If you want to start from onion seeds, depending on where you live either plant them indoors about 8-10 weeks before you want to transplant them in your garden or direct sow in your garden early in the season.
Many gardeners choose to plant onion sets or transplants because they’re more convenient and they speed up the growing process.
Onion sets are small bulbs that will grow into a larger bulb. Sets have already been through one bulbing process so sets grow onions faster than starting from seed.
Onion transplants are small onion plants that haven’t formed a bulb yet.
Onions are a cool weather crop and should be planted early to give them enough time to form good-sized bulbs. Plant onions when soil temperatures are around 60 degrees and as soon as the soil is dry enough to work in spring. The size of the finished onion bulb depends on the number of healthy green leaves the plant can grow. The more leaves mean bigger bulbs, so work to grow as many leaves as possible before the bulbs start forming.
Don’t wait too long to plant onions, because they don’t grow well once temperatures above 85 degrees.
Plant onion seeds about ¼-inch deep, onion sets about 1 inch deep and onion transplants about 1-3 inches deep or deep enough to keep plants upright. Space plants so their roots can spread, about 4-6 inches apart. Rows should be at least 15 inches apart.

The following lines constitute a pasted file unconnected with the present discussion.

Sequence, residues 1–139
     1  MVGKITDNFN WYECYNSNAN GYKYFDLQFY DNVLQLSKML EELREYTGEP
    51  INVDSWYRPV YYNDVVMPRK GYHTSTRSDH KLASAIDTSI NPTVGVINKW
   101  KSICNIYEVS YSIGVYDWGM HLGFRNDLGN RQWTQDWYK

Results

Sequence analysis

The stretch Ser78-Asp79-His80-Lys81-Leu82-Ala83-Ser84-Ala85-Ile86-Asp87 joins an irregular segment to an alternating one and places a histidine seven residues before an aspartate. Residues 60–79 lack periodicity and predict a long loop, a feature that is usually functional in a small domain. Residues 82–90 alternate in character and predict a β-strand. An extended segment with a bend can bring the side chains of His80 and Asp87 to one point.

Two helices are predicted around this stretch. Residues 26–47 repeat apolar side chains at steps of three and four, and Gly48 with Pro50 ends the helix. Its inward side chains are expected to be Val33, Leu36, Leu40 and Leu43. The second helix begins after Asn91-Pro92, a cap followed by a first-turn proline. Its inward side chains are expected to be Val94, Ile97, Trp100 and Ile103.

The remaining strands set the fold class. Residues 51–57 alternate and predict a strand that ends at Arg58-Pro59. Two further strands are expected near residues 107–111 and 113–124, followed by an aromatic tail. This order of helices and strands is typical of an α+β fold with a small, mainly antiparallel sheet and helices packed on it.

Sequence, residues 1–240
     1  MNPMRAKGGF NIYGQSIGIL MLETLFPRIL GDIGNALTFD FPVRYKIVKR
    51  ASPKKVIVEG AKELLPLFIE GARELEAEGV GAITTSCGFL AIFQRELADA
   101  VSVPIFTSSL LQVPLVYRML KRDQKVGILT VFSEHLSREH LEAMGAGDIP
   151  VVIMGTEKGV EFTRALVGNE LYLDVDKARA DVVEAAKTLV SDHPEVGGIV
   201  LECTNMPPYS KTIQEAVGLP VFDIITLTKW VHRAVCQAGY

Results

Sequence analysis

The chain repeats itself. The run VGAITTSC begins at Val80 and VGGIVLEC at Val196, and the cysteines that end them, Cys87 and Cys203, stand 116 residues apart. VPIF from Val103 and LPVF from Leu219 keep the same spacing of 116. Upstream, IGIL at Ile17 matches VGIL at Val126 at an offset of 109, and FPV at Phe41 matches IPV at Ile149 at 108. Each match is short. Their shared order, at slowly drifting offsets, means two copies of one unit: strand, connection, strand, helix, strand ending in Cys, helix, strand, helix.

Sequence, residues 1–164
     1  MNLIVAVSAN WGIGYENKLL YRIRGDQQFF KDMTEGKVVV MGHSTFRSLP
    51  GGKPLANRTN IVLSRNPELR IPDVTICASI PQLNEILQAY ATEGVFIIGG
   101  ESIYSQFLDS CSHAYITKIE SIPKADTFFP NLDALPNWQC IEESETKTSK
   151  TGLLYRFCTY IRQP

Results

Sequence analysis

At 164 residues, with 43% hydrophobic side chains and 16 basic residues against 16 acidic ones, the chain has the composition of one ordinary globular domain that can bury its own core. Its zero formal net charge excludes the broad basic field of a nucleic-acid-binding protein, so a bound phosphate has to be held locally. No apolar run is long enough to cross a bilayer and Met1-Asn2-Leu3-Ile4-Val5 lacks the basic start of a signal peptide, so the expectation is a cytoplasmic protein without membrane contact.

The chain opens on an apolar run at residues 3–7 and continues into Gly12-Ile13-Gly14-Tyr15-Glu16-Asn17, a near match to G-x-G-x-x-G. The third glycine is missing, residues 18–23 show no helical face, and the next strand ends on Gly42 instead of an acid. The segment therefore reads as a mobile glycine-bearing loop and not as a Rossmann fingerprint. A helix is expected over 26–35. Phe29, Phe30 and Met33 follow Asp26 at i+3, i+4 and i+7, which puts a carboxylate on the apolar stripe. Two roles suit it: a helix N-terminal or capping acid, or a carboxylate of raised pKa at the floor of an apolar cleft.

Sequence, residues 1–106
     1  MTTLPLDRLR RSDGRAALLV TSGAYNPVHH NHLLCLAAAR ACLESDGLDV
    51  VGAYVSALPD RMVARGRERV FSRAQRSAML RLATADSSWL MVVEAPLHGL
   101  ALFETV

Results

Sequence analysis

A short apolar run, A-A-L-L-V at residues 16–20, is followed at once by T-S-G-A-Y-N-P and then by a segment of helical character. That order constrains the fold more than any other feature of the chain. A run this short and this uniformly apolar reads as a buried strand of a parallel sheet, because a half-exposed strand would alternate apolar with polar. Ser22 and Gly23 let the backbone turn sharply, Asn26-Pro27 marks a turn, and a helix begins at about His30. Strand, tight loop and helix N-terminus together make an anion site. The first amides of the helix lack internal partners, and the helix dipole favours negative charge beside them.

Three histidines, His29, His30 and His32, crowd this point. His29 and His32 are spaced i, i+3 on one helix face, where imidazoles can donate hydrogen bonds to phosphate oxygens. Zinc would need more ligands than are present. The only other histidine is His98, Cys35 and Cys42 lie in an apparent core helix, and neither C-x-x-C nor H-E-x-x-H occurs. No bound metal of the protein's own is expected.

You can plant them somewhat more closely and use the thinnings as green onions, too.
Requirements for growing onions
Prepare a spot that gets full sun, although onions can grow in partial shade, too.
Before planting, amend garden beds and raised beds with compost or other organic matter and broadcast pre-plant fertilizer over the planting bed. Keep in mind onions may need twice the amount of fertilizer as other garden plants. Make sure to dig in deeply for a loose and well-draining soil to help roots get established quickly.
After plants start to grow, add an organic mulch to help the soil retain moisture and to avoid weeding around the delicate, shallow roots.
Drip irrigation or a soaker hose system will help keep soil consistently moist (not soggy) and keep leaves dry. It’s important to keep the leaves dry to prevent fungal problems.
Keep up good watering—about 1” worth per week especially in late summer—and fertilizing through the season. Sidedress plants about a month after planting by digging in fertilizer between the rows and away from the plants. Be sure to water after fertilizing.
Combatting pests and other problems
It’s important to protect onion plant leaves because healthy bulbs depend on healthy leaves. Watch for these issues:
Yellowing leaves signal onion plants may be getting too much water.